Click here to load reader

Alternative Development · PDF file 2015. 10. 28. · honest reflection of alternative development programmes across the globe today and I hope that we have achieved that goal. I am

  • View
    2

  • Download
    0

Embed Size (px)

Text of Alternative Development · PDF file 2015. 10. 28. · honest reflection of...

  • Alternative Development: Providing viable alternatives

    to illicit drug cultivation

  • 2

    Alternative Development: Providing viable alternatives to illicit drug cultivation Pubblication year: 2015 Produced by: EURAD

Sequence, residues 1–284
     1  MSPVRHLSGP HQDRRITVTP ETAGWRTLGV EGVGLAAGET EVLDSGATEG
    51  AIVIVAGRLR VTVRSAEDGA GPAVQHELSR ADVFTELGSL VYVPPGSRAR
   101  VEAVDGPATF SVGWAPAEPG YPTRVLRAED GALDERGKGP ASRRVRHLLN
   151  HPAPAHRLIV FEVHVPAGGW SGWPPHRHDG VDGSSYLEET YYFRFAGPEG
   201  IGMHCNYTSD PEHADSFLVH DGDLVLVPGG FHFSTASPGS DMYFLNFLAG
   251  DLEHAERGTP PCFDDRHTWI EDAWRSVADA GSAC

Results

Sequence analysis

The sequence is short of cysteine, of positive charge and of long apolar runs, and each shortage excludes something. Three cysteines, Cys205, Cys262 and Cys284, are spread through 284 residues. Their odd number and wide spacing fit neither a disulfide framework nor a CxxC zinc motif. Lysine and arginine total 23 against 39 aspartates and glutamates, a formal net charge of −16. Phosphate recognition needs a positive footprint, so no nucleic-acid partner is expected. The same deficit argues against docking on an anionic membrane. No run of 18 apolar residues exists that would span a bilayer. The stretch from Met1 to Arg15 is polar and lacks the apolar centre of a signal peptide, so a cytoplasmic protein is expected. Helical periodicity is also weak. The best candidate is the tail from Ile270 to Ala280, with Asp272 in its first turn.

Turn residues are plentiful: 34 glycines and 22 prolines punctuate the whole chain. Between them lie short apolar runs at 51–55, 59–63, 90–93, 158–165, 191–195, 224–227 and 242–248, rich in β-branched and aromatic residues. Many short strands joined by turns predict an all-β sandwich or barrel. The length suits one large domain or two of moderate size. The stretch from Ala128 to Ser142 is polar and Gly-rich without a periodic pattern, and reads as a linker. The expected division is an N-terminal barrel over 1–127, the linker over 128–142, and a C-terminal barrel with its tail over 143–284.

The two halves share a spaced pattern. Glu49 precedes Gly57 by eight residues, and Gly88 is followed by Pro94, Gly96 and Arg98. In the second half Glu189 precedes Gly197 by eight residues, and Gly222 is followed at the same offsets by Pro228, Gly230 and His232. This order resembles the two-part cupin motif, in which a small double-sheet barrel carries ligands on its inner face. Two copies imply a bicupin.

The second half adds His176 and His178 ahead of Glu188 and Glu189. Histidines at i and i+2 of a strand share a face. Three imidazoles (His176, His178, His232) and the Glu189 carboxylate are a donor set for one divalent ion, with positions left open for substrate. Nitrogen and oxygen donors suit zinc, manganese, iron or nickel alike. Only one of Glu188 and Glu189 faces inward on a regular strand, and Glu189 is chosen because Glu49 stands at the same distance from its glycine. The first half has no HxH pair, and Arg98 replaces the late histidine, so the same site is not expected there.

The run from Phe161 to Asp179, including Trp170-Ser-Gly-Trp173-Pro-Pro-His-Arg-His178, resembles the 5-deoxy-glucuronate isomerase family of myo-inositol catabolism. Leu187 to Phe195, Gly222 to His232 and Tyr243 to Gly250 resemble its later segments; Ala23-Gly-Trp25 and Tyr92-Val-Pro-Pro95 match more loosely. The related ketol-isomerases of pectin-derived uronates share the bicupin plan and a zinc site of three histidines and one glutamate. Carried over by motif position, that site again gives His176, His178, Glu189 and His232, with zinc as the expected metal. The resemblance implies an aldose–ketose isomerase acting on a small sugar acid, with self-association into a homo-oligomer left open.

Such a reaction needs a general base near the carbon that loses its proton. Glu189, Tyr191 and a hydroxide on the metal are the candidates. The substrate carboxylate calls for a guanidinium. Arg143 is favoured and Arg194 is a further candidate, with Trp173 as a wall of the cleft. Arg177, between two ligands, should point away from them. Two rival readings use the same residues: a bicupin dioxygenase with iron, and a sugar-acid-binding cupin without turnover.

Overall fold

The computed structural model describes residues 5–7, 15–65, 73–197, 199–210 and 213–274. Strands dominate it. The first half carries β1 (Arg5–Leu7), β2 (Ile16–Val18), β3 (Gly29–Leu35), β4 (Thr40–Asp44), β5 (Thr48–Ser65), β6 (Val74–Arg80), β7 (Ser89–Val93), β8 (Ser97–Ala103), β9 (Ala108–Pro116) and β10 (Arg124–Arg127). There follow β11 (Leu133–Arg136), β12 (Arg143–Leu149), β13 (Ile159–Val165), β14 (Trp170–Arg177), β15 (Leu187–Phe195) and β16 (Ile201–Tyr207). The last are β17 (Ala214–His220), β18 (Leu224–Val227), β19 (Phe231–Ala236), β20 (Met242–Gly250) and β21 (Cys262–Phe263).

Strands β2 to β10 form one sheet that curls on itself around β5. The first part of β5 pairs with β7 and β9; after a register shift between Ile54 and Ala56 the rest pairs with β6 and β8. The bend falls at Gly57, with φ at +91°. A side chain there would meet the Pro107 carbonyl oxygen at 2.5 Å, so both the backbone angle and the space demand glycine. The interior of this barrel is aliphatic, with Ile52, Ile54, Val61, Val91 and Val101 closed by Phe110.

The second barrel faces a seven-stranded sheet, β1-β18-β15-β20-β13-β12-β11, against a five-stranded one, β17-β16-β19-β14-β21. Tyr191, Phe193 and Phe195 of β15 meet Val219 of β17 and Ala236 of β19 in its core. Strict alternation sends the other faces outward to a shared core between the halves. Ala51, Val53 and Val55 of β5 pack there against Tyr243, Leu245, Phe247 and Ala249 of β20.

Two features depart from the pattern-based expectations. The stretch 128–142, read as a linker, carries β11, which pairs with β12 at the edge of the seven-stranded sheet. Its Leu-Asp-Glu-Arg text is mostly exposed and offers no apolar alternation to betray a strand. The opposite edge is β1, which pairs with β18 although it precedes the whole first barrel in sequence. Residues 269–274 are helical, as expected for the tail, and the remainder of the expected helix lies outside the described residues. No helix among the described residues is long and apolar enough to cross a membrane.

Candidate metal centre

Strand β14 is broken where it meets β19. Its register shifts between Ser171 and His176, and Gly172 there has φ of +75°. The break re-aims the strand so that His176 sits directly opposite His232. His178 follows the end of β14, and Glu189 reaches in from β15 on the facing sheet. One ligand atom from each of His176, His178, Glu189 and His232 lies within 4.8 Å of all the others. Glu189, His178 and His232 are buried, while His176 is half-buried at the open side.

• 3

    ABOUT US

    EURAD is a European Drug Policy Network of around 50 non-governmen- tal organisations. Our mission is to re- duce the burden on individuals, families and society at large by promoting com- prehensive, balanced and integrated po- licies.

    We respect the fact that international- ly there are important historic, cultural and social differences that impacts on how we talk about drugs and drug po- licy.

    We respect that people come into this policy field with very different back- grounds, motifs, experiences and per- spectives. Our overarching purpose is not ideological, religious or cultural but rather the welfare, health and dignity of both individual and society.

    EURAD is registered as a foundation ("stichting") under Dutch law. Registra- tion number: 41155759. Correspondence & EU Office: EURAD, 3rd Floor, 17 Rue Archimede, Brussels, Bel- gium, B1000 Website: www.eurad.net

  • 4

    Preface